You Might Like: The Pros and Cons of Rubber Flooring




Chapter 2: Where Rubber is Most Useful


Where Rubber Is Most Useful 

Rubber floors are typically associated with schools, gyms, and hospitals, but today you’ll find rubber in a wide variety of commercial settings, and in houses too! Like we mentioned in chapter one, rubber has far more aesthetic options than it did in the past. 


That being said, it is still most popular in education, fitness, and healthcare. What do these three things have in common? All three places require elevated safety features in high traffic settings. Rubber meets the mark.  


Let’s start with education. In schools where there are hundreds of children running through the halls, and often tromping up and down stairs, interior designers have to consider safety, comfort, sound, and high traffic! These demands make rubber a very popular choice. You’ll see it in preschools, primary schools, and in higher education.  For more on flooring in schools see: The Designers Ultimate Guide to Specifying School Flooring.


Health clubs and gyms often choose rubber flooring because of its safety benefits and impact absorption. Thanks to rubber’s construction it can absorb the shock of dropped weights and still rebound Rubber also has the ability of holding up under the weight of heavy equipment. Its moisture resistance helps when everyone is sweating in hot yoga and the floor is getting splashed with sweat or spilled water bottles. 


Rubber is also a no-brainer in healthcare settings. From patient rooms to cafeterias, rubber is very popular in hospitals, clinics, and doctor’s offices. With a combination of good acoustics, impact resistance versus other hard surfaces, durability, and maintenance advantages you’ve got yourself a winner! 


Related: Best Commercial Rubber Flooring Options



Chapter 3: How to Design with Rubber


How To Design With Rubber

Rubber has come a long way. With new manufacturing technology, rubber flooring can be customized using various colors, textures, and shapes. It’s truly a flexible material. Teles Rubber, for example, can be customized to look like multi-colored planks, or ColorScape can be made into unique geometric patterns. Some customers may find the number of options overwhelming, but Mannington has people to help. 


We have a large team of designers with diverse backgrounds in interior design, graphics, and textiles. Their mission is twofold. Some of our designers create new and unique flooring collections while others serve on our Design Solutions Team. This team supports our commercial customers during their layout and design process. And the best part is, it’s free!


Along with helping to create custom designs and layouts for our customers, here is a list of deliverables available:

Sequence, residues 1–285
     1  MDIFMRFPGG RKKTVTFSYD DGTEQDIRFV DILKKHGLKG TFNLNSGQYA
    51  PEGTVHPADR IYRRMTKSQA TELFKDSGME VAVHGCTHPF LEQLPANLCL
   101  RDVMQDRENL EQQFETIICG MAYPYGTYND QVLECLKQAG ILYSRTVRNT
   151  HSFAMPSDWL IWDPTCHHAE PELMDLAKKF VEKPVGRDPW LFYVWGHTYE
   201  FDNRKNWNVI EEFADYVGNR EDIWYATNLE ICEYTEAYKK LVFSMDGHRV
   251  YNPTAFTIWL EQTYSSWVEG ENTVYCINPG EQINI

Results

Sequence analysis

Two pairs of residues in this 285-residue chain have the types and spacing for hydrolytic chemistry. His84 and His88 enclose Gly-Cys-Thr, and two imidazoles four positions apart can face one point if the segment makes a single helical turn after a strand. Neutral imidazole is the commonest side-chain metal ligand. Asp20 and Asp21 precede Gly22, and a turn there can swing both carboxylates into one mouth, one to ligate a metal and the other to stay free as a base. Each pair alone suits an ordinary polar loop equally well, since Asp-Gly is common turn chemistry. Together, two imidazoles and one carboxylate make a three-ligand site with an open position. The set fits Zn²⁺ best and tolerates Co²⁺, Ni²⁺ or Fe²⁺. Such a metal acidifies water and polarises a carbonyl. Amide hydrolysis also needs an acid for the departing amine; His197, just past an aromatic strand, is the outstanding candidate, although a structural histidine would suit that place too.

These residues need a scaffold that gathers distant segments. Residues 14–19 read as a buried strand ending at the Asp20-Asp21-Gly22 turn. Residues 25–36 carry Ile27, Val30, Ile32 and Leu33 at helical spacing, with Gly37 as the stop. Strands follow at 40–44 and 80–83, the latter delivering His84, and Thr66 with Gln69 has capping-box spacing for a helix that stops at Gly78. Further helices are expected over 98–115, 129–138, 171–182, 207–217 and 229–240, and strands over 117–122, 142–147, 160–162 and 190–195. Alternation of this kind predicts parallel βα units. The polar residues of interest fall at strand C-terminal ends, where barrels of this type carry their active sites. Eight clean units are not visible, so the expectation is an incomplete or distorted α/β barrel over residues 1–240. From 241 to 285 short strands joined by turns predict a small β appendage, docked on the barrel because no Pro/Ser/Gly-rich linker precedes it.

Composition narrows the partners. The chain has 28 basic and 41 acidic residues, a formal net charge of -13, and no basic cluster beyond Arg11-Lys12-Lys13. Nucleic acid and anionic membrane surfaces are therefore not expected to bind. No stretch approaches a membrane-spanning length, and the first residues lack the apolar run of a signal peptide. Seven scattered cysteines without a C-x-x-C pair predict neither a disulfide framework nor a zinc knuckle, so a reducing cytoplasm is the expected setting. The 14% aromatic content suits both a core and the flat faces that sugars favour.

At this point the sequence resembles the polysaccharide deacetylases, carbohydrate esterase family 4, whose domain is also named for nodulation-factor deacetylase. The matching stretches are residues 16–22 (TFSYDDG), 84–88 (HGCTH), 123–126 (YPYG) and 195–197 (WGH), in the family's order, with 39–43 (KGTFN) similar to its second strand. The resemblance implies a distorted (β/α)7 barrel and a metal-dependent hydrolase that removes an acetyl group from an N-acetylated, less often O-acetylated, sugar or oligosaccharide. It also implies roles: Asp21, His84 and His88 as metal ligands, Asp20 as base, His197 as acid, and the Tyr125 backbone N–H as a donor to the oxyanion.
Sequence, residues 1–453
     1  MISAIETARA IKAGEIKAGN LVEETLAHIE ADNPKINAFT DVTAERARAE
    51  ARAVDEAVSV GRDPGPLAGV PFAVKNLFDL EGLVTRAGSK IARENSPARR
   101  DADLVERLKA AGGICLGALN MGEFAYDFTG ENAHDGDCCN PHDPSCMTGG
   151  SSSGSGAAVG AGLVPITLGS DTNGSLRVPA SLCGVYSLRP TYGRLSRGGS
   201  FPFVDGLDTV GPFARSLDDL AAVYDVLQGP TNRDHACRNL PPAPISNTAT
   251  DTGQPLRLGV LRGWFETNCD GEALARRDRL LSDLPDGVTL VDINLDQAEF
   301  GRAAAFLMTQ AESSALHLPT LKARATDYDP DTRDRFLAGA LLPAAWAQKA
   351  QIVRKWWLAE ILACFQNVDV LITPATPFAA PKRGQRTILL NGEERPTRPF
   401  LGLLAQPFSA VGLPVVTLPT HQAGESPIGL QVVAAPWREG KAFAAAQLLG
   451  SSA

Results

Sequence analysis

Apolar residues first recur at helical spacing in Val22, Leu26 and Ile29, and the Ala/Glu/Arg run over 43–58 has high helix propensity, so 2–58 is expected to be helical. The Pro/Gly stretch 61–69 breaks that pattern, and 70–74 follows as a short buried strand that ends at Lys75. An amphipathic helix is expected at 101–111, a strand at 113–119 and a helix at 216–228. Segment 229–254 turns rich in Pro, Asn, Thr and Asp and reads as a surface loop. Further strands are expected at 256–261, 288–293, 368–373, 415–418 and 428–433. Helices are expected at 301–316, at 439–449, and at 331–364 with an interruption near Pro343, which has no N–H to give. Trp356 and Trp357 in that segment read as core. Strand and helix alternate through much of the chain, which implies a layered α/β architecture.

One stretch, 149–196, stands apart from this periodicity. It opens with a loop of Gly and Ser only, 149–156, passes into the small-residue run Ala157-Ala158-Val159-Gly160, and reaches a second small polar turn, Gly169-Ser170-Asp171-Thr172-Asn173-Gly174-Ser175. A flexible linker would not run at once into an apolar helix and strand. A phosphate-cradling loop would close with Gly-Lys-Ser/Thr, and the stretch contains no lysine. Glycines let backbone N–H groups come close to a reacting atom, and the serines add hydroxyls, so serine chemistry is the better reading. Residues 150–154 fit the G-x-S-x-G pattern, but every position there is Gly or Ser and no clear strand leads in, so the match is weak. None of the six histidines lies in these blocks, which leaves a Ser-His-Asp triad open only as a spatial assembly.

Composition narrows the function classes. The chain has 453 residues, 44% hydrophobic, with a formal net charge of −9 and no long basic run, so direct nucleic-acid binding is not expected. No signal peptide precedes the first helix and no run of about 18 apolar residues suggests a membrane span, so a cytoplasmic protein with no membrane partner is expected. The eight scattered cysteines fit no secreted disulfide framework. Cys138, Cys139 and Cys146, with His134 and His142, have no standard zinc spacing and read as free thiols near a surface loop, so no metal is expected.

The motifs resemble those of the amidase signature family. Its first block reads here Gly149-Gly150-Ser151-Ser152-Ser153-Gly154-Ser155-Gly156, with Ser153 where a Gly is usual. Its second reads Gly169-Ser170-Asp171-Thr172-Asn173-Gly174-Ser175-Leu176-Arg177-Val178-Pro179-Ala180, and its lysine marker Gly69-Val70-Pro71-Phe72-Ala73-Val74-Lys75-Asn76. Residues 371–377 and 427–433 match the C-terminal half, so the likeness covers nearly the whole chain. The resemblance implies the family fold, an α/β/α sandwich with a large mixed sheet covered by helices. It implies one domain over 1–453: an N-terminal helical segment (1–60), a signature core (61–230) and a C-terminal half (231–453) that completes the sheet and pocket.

• ​​Room Scenes - photos of the space with the new floor option. 
  • Finish Plans - color coded drawings of the floor layout. 
  • Rendered Plans - JPGs using the layout to show how products work together. 
  • Revit Files - high-res images of the rendered plan (an easier format for designs). 
  • 10 x 10 Overheads - large high-res images to show the detail of the product or pattern when it repeats. 
  • Composites - a combination of the product/pattern repeating with the room scene all in one image. 
  • Configurations - floor design including multiple products. 
  • Installation Diagrams - high contrast floor layout to make it easier for installers to identify the products and patterns being installed in each area. 
  • Phasing Diagrams – color coded drawings of the floor plan that delineate where the installers should start. 


You Might Like: Design Solutions: Get Help Designing Your Floor


Take the design of the Ron Clark Middle School, for example. Our team was busy at work coordinating plans for this creative and colorful project. Blue ColorSpec rubber was coupled with carpet tiles to create a unique look in the media center. We even got feedback from a group of 7th graders to help create custom patterns for the classrooms!  


Customers may need help with big renovation projects or perhaps they just want to update their stair tread or wall base to use the advantages of rubber. In either case, our designers can help incorporate the new rubber product with the rest of the floor. We have designer palettes that link various products and designs together.  


To take advantage of our expert Design Solutions Team, simply contact your local Mannington District Manager to request design assistance. 




Chapter 4: Unique Installations


Rubber flooring at Mannington Commercial has so many options! Customers can customize their stair treadwall basetransitions, and landing tiles, and they can choose whether they want tile or sheet. There are tons of colors and formats that can be coordinated. These come in handy when you need to transition from one type of flooring to another or from one space to another. Facilitating all the design options can really tie a space together. 


Stair Tread